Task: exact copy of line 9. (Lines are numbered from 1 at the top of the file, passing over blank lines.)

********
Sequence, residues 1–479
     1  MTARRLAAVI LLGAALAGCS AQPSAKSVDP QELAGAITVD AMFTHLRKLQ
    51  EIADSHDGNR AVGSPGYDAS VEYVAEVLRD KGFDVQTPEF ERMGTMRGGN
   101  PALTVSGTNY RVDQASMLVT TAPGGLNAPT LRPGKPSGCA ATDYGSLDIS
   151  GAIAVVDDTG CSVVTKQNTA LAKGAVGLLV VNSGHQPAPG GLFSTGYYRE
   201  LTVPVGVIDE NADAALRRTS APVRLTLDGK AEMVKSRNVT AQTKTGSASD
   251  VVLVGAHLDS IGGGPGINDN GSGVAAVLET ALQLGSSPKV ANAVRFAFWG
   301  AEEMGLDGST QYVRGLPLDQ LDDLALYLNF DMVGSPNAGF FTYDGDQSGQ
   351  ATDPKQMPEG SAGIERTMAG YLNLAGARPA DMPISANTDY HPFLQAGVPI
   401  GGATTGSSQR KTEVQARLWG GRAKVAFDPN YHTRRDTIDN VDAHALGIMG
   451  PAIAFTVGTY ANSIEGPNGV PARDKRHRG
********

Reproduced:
   351  ATDPKQMPEG SAGIERTMAG YLNLAGARPA DMPISANTDY HPFLQAGVPI